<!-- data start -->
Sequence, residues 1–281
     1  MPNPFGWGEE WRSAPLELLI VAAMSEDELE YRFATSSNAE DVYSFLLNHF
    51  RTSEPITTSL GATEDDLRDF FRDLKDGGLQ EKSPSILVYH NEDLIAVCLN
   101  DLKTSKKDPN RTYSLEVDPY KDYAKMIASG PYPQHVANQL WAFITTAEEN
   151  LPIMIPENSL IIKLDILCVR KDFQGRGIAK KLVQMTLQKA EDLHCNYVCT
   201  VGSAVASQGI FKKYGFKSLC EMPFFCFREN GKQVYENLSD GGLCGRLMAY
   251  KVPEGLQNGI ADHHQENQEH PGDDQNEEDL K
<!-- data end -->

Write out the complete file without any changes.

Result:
Sequence, residues 1–281
     1  MPNPFGWGEE WRSAPLELLI VAAMSEDELE YRFATSSNAE DVYSFLLNHF
    51  RTSEPITTSL GATEDDLRDF FRDLKDGGLQ EKSPSILVYH NEDLIAVCLN
   101  DLKTSKKDPN RTYSLEVDPY KDYAKMIASG PYPQHVANQL WAFITTAEEN
   151  LPIMIPENSL IIKLDILCVR KDFQGRGIAK KLVQMTLQKA EDLHCNYVCT
   201  VGSAVASQGI FKKYGFKSLC EMPFFCFREN GKQVYENLSD GGLCGRLMAY
   251  KVPEGLQNGI ADHHQENQEH PGDDQNEEDL K